[38]     As the aircraft approached, the witness saw it pass over the markers situated to the left of runway 29, about 600 feet from the runway threshold. Even though the weather was not good, he could still see the aircraft. He thinks it was not snowing as heavily as when the first approach was made, but it was still snowing heavily. According to him, the aircraft was lower than the first time and he could see it until the impact. He drew two sketches, which were filed as exhibits M-9 and M-10.

[39]     He definitely saw the aircraft when it was above the precision approach path indicators. It was parallel to the runway and the aircraft seemed to be tossing about. It crashed about 60 feet from the runway lights to the south, a bit farther than half-way down the full length of the runway, in fact a bit farther than where the garage is situated, as shown in Exhibit M-10, but a bit farther south.

[40]     According to him, runway conditions were 100 percent snow-covered with white lines.

[41]     Three runway reports were filed in a bundle as Exhibit M-11; these are the reports he faxed to Québec. He confirmed that the runway lights were working and were clear and that there were snowbanks measuring about 30 centimetres.

[42]     He explained that when the aircraft's communication system is used to turn on these lights, three presses of the button turn on all the low-intensity lights except the strobe lights. Five presses turn on all the medium-intensity lights. Seven presses turn on all the high-intensity lights and the strobe lights.

[43]     There was a brief redirect by the Minister's representative on an insignificant point.

[44]     This concluded the presentation of the evidence, as the applicant did not see fit to call any witnesses.


[45]     The Minister's representative states that the elements of recklessness and negligence have been proven by the documents and the testimonies of Messrs. Paré, Bond and Mathurin.

[46]     Visual references are required. According to the evidence, such references existed, because Mr. Bond claimed to have seen a row of lights, while Mr. Mathurin stated that the lights were clear. However, this does not mean they were visible. It is important to always have visual references, either the runway threshold or clearing of the runway.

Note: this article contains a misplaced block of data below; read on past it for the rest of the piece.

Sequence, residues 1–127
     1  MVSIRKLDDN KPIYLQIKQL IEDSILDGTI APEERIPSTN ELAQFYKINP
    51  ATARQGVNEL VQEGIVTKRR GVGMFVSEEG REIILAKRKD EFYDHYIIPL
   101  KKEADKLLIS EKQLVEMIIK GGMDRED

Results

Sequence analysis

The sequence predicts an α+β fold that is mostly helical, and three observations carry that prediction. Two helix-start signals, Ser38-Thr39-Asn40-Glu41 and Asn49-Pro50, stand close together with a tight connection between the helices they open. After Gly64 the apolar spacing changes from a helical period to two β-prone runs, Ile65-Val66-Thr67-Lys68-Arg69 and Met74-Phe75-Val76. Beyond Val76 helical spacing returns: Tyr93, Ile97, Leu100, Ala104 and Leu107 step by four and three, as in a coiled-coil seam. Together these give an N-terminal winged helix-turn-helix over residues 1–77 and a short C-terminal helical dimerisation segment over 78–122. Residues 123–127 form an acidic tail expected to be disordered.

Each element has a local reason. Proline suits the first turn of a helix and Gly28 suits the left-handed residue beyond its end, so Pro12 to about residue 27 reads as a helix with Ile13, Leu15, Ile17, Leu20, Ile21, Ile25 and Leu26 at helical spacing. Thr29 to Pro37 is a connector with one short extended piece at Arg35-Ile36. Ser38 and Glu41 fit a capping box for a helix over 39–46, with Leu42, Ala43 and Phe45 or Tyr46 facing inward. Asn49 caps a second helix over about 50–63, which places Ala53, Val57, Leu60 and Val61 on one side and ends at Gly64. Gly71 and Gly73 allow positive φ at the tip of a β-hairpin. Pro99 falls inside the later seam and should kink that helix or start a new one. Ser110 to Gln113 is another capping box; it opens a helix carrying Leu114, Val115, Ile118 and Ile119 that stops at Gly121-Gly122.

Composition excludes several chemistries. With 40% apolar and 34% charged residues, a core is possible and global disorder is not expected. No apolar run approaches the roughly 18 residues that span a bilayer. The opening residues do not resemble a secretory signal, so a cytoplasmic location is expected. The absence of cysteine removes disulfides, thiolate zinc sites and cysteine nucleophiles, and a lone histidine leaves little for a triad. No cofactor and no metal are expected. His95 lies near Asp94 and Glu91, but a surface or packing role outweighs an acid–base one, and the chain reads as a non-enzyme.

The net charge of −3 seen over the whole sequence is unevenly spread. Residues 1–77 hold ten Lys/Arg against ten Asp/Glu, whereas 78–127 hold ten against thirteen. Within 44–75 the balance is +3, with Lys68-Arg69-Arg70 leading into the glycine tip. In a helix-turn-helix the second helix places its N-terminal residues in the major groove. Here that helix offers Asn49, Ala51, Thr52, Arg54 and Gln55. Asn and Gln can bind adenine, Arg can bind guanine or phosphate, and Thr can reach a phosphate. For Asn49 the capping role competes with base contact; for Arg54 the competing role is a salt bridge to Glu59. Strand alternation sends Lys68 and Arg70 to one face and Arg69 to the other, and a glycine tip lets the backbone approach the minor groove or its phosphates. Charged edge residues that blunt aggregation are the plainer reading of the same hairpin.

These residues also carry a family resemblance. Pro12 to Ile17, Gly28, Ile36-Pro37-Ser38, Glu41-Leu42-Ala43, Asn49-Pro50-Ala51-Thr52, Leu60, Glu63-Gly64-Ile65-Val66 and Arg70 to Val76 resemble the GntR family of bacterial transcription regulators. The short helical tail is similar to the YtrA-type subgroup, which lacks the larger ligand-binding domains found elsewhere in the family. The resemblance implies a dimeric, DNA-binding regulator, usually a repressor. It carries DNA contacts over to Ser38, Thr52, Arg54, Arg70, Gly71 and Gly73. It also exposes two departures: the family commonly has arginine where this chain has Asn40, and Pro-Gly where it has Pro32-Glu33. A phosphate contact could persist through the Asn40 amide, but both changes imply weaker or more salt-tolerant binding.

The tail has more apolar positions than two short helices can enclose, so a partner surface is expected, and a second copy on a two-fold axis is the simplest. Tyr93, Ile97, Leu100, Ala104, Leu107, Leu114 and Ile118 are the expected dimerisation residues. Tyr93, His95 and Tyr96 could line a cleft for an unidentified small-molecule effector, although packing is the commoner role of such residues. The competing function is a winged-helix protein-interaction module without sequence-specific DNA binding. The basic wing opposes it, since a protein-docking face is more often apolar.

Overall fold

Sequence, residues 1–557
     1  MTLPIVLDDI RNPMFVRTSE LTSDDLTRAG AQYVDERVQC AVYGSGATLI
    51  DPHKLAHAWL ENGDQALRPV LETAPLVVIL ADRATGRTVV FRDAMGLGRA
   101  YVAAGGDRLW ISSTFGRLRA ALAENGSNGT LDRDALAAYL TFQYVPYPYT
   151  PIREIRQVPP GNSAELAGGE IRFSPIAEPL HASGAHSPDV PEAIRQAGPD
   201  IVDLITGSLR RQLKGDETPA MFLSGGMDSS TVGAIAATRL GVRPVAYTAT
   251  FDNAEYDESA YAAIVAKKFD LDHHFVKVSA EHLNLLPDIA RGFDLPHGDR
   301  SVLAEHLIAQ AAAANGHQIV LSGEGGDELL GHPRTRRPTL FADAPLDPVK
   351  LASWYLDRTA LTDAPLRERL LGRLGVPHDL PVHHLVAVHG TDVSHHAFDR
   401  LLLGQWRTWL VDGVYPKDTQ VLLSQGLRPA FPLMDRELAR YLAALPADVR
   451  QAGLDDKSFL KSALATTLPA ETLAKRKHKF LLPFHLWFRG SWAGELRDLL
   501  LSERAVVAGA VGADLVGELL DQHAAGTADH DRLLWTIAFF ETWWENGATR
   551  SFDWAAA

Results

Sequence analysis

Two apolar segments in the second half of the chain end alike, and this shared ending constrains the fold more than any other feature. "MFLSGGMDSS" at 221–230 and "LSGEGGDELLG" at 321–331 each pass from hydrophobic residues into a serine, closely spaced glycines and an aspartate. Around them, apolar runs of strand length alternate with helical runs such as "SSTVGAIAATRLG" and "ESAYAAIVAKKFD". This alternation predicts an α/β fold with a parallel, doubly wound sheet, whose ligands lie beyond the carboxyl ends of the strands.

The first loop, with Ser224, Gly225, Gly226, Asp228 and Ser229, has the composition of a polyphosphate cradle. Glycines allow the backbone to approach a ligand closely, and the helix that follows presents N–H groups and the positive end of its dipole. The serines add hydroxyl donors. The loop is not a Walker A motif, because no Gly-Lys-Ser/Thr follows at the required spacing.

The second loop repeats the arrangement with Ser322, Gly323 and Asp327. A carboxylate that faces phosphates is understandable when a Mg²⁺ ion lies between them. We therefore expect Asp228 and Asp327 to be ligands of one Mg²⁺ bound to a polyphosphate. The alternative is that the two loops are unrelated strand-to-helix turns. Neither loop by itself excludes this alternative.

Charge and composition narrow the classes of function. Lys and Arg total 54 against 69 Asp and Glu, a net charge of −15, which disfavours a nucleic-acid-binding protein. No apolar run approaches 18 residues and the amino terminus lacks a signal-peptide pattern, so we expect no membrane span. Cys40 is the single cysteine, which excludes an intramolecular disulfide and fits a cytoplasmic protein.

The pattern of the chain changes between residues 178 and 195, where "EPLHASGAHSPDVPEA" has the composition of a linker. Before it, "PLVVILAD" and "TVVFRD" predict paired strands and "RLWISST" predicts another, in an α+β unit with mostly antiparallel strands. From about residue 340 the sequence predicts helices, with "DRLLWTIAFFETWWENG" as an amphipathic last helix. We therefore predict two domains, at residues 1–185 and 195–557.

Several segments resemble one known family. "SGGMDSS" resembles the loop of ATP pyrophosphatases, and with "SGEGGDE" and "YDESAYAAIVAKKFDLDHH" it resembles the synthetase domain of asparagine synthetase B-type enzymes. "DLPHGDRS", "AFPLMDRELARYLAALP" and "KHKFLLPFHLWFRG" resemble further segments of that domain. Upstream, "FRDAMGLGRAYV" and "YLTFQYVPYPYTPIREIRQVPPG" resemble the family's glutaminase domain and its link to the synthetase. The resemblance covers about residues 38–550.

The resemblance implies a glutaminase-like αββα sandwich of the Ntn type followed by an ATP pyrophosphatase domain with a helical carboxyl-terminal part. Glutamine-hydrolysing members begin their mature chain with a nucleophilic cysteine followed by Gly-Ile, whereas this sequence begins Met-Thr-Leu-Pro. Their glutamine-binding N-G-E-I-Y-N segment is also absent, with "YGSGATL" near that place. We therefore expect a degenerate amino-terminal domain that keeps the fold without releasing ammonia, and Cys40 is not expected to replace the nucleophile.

[47]     The pilot had the choice: he could switch from an IFR flight to a visual flight rules (VFR) flight. It is important to point out that the aircraft was never lined up with the runway centre line, even though the pilot had heard the communications of the runway worker, Mr. Mathurin. The witness Bond confirmed that the orange triangles were under the aircraft when they should normally have been to the left of the runway.

[48]     The meteorological report indicated horizontal visibility of three-quarters of a mile and vertical visibility of 1,100 feet. The pilot should have been able to see the ground.

[49]     There was therefore a lack of discipline and a poor assessment of the weather. The aircraft was not lined up with the runway. The pilot could have asked for tracks to be made on the runway. Finally, it is up to the pilot to be informed. The regulations are there to guide the pilot, but nothing can substitute for his judgment.

[50]     A review of the facts shows there was an initial approach on runway 29 followed by a pull-up and a decision to make a second approach with a landing beside the runway.

[51]     The information the pilot had was that it was snowing and visibility was three-quarters of a mile. He also had meteorological information (M-6) and the approach chart. He had the recommended, but not necessarily the required, visibility.

[52]     The pilot must remain at the minimum landing altitude unless one of the required runway elements is present, namely:

  • the runway or its markings;
  • the runway threshold or its markings;
  • the touchdown zone or its markings;
  • the approach lights;
  • the approach slope indicator system;
  • the runway identification lights;
  • the runway threshold and runway end lights;
  • the touchdown zone lighting;
  • the parallel runway edge lights;
  • the runway centre line lights.

[53]     The pilot should have known and taken into account that it was snowing, that there was a whiteout effect. He could have asked for tracks to be made on the runway, even though Mr. Mathurin had made the offer and the FSS had turned it down. The pilot should have deduced from these communications that the runway worker's request established the need for the runway to be cleared. Had he requested this, the said authorization would doubtless have been given.

[54]     According to the witnesses, the aircraft was tossing about and was therefore not stabilized. Such a situation should have necessitated a pull-up. According to the meteorological information (M-6), visibility was deteriorating.

[55]     The evidence shows that the pilot pressed the button on his microphone five times, which turned on all the medium-intensity lights but not the strobe lights. He could have pressed it seven times and got the highest intensity possible.